There’s a buzz spreading through the web design community like a virus. It’s called sIFR (Scalable Inman Flash Replacement). What is sIFR? Essentially, it’s a technology that replaces short passages of plain browser text with text rendered in the typeface of your choice, regardless of whether or not your users have that font installed on their systems.
1. A normal (X)HTML page is loaded into the browser.
4. Once measured, the script creates Flash movies of the same dimensions and overlays them on top of the original elements, pumping the original browser text in as a Flash variable.
5. Actionscript inside of each Flash file then draws that text in your chosen typeface at a 6 point size and scales it up until it fits snugly inside the Flash movie.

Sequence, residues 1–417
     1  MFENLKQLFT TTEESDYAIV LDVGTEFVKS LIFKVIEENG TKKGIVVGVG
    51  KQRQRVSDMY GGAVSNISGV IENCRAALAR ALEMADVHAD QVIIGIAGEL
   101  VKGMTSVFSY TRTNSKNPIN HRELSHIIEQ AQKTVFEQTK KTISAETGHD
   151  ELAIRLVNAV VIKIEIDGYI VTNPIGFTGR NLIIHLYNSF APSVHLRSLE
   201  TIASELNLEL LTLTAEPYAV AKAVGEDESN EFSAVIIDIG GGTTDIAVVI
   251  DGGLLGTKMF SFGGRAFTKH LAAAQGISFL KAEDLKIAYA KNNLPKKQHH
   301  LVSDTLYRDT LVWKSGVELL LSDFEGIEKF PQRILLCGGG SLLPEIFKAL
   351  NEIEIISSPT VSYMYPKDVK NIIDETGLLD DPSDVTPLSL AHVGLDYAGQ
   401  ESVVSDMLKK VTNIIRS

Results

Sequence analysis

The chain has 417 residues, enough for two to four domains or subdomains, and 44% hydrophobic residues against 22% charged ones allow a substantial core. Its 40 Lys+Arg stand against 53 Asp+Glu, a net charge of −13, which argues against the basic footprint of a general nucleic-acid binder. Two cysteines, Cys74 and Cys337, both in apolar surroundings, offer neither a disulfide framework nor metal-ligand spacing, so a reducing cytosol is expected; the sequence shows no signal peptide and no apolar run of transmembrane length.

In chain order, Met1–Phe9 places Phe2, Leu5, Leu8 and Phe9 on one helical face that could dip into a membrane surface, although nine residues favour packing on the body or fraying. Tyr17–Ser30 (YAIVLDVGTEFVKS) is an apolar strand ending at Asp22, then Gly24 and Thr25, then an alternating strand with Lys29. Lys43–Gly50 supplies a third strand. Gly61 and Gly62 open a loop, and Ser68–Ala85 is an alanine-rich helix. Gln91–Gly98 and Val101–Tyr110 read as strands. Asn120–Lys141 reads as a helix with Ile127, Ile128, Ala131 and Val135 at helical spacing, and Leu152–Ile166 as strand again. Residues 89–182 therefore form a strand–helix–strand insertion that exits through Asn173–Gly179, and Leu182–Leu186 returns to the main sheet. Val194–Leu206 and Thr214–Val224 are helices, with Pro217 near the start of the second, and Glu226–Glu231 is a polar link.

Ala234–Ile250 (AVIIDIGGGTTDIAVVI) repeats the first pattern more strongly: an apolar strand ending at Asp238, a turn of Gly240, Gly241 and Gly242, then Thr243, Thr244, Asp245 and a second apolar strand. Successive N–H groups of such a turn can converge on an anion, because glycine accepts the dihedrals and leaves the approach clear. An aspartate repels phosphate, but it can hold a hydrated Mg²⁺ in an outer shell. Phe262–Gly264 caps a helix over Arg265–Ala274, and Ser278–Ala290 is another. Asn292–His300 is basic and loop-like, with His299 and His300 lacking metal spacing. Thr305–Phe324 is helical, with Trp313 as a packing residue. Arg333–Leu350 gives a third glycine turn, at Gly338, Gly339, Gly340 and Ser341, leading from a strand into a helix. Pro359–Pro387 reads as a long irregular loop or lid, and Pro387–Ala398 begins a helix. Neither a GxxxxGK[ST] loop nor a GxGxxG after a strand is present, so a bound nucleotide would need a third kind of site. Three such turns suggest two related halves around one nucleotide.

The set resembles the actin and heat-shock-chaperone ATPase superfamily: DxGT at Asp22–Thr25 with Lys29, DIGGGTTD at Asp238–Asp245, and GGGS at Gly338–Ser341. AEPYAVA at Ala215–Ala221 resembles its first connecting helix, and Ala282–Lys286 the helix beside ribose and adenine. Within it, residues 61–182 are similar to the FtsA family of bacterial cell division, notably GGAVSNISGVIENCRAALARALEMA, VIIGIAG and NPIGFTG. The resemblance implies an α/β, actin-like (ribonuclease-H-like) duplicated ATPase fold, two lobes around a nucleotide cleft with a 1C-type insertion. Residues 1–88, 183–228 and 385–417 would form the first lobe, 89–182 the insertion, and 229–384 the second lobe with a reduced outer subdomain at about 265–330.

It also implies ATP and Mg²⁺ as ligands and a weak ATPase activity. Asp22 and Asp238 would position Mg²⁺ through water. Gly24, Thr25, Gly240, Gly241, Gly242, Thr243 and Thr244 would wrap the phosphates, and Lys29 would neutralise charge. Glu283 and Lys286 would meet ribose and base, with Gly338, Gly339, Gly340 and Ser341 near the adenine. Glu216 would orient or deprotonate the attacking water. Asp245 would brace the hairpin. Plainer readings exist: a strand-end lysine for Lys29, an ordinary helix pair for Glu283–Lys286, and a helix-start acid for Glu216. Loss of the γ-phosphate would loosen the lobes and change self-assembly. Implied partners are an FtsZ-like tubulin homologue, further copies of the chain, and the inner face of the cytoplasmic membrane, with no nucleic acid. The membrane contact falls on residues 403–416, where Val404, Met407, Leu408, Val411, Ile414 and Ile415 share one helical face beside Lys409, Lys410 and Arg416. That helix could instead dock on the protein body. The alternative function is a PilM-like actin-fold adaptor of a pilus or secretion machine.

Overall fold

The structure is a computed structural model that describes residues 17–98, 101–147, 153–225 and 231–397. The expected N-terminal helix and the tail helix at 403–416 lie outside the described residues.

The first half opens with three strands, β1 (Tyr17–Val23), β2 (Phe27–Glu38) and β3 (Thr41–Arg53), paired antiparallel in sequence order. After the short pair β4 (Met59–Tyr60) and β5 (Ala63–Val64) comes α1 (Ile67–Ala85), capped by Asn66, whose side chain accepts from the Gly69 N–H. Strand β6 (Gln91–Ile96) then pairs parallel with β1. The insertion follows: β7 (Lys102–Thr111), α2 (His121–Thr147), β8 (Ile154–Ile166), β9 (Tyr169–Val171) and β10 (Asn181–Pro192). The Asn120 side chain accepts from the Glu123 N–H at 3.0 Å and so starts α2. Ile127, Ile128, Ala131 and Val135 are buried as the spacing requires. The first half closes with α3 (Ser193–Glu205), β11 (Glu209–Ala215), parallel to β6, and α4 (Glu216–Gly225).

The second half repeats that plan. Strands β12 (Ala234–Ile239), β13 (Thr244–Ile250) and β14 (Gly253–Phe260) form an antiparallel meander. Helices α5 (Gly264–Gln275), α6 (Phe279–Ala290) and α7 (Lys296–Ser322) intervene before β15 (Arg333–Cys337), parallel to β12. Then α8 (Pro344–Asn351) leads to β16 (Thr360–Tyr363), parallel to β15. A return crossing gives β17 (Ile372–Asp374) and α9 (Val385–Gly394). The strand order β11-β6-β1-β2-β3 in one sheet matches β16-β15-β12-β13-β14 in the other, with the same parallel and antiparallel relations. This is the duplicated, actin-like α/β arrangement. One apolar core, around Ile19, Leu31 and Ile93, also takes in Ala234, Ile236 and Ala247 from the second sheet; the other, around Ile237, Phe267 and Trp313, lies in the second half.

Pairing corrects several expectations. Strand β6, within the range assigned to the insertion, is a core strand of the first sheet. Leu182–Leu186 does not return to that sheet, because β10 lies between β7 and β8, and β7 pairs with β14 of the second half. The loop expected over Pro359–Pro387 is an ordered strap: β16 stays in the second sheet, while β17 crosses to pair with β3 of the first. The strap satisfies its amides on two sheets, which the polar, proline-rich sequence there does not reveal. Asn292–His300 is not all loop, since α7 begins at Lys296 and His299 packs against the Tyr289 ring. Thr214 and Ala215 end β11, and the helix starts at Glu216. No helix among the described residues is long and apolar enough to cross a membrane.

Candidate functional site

It sounds a little too good to be true, yet it’s the breakthrough all designers and creative have been waiting for as it makes the display of vibrant text possible even in cases where you have no idea what the end users system capabilities are. The best part is text remains parsible the sIFR developers explain….
sIFR snaps right in and lifts right out. This is an important point. Making the decision to use sIFR is often just a question of adding a .js include to your site, uploading a .swf and some .css files to your server, tuning your fonts, and that’s it. It generally doesn’t require any wholesale code or design changes, and should you decide at some point in the future that you don’t want to use it, simply remove the .js file and you’re back to browser text.
Needless to say sIFR is pretty incredible. You can read more about this new technology from the developers site at http://mikeindustries.com